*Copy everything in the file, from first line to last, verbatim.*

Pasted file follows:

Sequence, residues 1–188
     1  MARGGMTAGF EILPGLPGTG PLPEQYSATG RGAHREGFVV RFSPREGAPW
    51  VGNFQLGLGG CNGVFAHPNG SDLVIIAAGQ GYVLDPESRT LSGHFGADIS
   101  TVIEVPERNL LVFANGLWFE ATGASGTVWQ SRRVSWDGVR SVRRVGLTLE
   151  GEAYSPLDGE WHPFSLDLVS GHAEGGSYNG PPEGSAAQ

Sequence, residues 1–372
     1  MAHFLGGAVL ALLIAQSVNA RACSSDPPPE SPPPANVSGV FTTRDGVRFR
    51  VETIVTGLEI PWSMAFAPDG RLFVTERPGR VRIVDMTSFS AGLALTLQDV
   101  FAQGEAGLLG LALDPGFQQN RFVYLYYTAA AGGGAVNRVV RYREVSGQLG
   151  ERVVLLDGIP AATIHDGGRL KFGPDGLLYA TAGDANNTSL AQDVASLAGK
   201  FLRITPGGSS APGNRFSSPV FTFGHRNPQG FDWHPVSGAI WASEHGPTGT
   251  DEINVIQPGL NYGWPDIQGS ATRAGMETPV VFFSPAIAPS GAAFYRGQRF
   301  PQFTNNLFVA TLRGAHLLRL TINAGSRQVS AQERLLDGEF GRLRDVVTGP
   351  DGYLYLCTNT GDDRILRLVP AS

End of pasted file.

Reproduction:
Sequence, residues 1–188
     1  MARGGMTAGF EILPGLPGTG PLPEQYSATG RGAHREGFVV RFSPREGAPW
    51  VGNFQLGLGG CNGVFAHPNG SDLVIIAAGQ GYVLDPESRT LSGHFGADIS
   101  TVIEVPERNL LVFANGLWFE ATGASGTVWQ SRRVSWDGVR SVRRVGLTLE
   151  GEAYSPLDGE WHPFSLDLVS GHAEGGSYNG PPEGSAAQ

Sequence, residues 1–372
     1  MAHFLGGAVL ALLIAQSVNA RACSSDPPPE SPPPANVSGV FTTRDGVRFR
    51  VETIVTGLEI PWSMAFAPDG RLFVTERPGR VRIVDMTSFS AGLALTLQDV
   101  FAQGEAGLLG LALDPGFQQN RFVYLYYTAA AGGGAVNRVV RYREVSGQLG
   151  ERVVLLDGIP AATIHDGGRL KFGPDGLLYA TAGDANNTSL AQDVASLAGK
   201  FLRITPGGSS APGNRFSSPV FTFGHRNPQG FDWHPVSGAI WASEHGPTGT
   251  DEINVIQPGL NYGWPDIQGS ATRAGMETPV VFFSPAIAPS GAAFYRGQRF
   301  PQFTNNLFVA TLRGAHLLRL TINAGSRQVS AQERLLDGEF GRLRDVVTGP
   351  DGYLYLCTNT GDDRILRLVP AS